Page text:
Until Brent Venables fixes Oklahoma’s pass rush, the Sooners can’t be considered SEC contenders

The Oklahoma pass rush was one of the worst in the country last season and despite Brent Venables' defensive identity, the former DC hasn't done enough to address the problem either through the transfer portal or in recruiting.
Oklahoma Sooners head coach Brent Venables
Oklahoma Sooners head coach Brent Venables / Kevin Jairaj-USA TODAY Sports

It was a big change for the Oklahoma football program handing the reins over to Brent Venables after Lincoln Riley darted for USC in 2021. Following a mass exodus, Venables’ first season at the helm was a 6-7 disaster, but 2023 was a step in the right direction, going 10-3 with an Alamo Bowl loss without Dillon Gabriel. 

Despite the drastic shift from an offensive genius to Clemson’s former defensive coordinator, the Sooners will carry a similar identity into the SEC this fall. Jeff Lebby, now at Mississippi State, continued to run an air-raid passing game which got the most out of Gabriel, and Venables’ defense finished outside the top 50 in the country and allowed a staggering 250.8 passing yards a game, ranking 112th. 

For the next few years, 2023 five-star quarterback Jackson Arnold will be the most important player in Oklahoma’s football program, so Venables sought to upgrade his weaponry this offseason, adding Deion Burks from Purdue to his receiver corps and rebuilding the team’s offensive line. New OC Seth Littrell will run a similar style and the Sooners will try to outscore their new SEC opponents.

Despite these necessary offensive upgrades, Oklahoma’s head coach is betraying his identity and his background on the defensive side of the ball and that lack of investment in defense will keep the Sooners from contending for the SEC crown.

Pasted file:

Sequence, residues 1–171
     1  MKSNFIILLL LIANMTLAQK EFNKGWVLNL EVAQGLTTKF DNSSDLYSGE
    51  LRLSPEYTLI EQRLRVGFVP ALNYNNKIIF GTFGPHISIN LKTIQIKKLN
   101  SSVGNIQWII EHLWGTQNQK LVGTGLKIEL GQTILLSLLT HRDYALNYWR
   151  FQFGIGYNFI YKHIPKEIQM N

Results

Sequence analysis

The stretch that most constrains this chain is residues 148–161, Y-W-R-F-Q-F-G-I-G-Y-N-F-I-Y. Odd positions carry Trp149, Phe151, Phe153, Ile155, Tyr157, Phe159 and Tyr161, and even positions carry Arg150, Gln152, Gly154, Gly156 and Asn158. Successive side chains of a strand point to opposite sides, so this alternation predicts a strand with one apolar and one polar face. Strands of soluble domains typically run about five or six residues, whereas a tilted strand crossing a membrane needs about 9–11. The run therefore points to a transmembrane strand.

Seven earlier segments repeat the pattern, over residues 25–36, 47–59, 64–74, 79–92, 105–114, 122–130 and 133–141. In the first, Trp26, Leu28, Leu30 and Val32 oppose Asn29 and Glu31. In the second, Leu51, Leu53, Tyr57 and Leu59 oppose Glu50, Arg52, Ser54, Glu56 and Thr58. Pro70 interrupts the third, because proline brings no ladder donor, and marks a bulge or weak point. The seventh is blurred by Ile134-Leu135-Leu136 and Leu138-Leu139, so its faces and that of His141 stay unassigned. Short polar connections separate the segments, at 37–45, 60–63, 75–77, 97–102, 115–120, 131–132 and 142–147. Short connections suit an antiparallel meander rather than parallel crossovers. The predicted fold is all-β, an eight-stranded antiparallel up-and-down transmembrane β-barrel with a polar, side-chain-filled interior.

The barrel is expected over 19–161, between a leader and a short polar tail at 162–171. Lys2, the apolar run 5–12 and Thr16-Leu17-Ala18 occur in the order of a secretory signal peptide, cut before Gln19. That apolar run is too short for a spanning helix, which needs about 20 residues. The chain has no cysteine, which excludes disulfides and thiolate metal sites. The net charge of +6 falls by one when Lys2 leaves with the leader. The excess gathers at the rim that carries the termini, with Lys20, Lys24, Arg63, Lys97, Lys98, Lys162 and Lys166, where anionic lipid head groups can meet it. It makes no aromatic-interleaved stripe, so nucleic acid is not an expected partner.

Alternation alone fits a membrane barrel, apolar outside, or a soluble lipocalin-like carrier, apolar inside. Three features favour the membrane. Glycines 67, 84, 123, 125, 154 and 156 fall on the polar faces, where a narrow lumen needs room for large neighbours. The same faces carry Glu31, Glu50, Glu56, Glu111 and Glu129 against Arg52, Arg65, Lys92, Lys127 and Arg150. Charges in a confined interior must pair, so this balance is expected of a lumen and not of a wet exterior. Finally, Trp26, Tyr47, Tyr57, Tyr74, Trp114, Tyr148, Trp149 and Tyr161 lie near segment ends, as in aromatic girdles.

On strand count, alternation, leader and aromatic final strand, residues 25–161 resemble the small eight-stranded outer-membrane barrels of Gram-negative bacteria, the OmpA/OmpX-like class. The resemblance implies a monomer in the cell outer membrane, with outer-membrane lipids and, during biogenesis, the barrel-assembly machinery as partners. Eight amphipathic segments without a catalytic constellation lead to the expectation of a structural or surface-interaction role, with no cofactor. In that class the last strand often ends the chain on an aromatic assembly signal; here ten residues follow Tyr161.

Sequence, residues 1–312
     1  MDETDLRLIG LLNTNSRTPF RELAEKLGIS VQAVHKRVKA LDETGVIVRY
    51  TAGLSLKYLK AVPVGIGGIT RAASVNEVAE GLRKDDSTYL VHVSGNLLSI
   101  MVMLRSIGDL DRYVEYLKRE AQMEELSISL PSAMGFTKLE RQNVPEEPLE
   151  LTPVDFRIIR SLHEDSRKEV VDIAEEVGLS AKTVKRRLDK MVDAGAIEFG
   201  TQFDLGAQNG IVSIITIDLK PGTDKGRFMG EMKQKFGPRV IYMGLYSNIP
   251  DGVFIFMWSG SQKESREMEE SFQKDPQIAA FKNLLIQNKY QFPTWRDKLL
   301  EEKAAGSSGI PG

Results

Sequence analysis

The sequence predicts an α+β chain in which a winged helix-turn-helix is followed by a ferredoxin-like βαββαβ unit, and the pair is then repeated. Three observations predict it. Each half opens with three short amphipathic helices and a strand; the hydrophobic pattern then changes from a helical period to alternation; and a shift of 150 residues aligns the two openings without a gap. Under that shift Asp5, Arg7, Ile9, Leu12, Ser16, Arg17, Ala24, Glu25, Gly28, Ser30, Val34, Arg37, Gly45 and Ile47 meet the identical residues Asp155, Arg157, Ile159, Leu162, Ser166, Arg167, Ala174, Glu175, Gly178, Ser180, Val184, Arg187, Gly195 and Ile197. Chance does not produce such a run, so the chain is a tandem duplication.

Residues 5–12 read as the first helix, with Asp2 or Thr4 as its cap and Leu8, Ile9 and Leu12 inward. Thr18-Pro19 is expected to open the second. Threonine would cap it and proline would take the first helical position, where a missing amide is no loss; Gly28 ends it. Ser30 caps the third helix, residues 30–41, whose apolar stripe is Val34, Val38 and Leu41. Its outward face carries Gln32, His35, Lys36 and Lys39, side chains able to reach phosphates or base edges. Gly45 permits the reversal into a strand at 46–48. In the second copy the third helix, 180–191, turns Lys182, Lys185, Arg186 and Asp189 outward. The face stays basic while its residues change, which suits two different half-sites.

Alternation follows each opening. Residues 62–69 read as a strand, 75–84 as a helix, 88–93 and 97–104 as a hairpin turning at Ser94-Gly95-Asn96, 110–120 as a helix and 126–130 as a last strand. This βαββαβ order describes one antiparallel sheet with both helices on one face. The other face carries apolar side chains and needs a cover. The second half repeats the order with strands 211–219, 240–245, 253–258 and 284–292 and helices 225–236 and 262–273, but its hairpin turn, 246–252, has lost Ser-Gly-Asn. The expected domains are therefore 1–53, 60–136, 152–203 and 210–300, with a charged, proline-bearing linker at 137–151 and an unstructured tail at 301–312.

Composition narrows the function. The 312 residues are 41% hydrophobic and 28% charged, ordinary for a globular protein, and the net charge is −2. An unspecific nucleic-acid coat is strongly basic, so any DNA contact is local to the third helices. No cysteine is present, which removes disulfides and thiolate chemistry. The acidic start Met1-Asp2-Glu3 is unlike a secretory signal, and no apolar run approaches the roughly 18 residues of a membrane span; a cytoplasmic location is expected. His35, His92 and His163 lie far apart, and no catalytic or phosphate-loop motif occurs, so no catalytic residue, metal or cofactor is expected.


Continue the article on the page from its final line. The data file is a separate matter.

The Big 12 was rarely ever won with defense and physical play in the trenches. The league’s identity was one of offensive firepower and getting speedsters in space. Venables likely reasoned that he would acquire as much offensive talent as possible and be able to scheme up a passable defense to survive in his new conference. At least that's what his recent roster moves have indicated.

Well, even in last year’s 10-win campaign he was proven wrong, giving up 38 points to Kansas and backup quarterback Jason Bean in a loss, and allowing Oklahoma State’s journeyman QB, Alan Bowman, to throw for 334 yards in Bedlam the next week. 

Last year, Ethan Downs led the Sooners in sacks with just 4.5, and the team’s 1.8 sacks per game ranked 91st nationally. Downs produced a pass-rush win rate of 10.6% which was 245th in the country among defensive linemen and edge rushers with at least 100 pass-rush snaps. Five-star freshman Adepoju Adebawore led the defensive line with a 14.7% win rate and was 90th nationally. 

Adebawore will be the team’s most impactful edge rusher in 2024, but Venables is putting too great a burden on his sophomore by failing to surround him with other players who can get after the quarterback and draw the attention of the offensive line. 

Two of the team’s biggest additions this offseason were five-star freshman defensive lineman David Stone and Damonic Williams, a nose tackle from TCU. Both will be factors in the run game, but Williams produced just 18 pressures with a pass-rush win rate of 5.2% in 241 pass-rush snaps. Even Adebawore, who had a great freshman year, only produced 13 pressures and two sacks, so a young interior player like Stone can’t be counted on for much. 

Long-term, Stone and Adebawore could terrorize SEC offensive linemen, forcing them to pick their poison with a double-team leaving one or the other on an island. For right now, Oklahoma is far too weak on the defensive line to compete with the talent spread across the rest of the SEC. 

Downs is back, so he and Adebawore will be joined by Miami Ohio transfer Caiden Woullard, but it’s not enough. A coaching change and roster exodus are tough things to overcome, so it’s fair to have patience with Venables. But a head coach’s hubris is even more difficult to conquer. Until Venables admits he can’t scheme his way to an elite defense without pouring resources into his defensive line, Oklahoma will get pushed around in its new conference and will struggle to even qualify for the expanded 12-team College Football Playoff.

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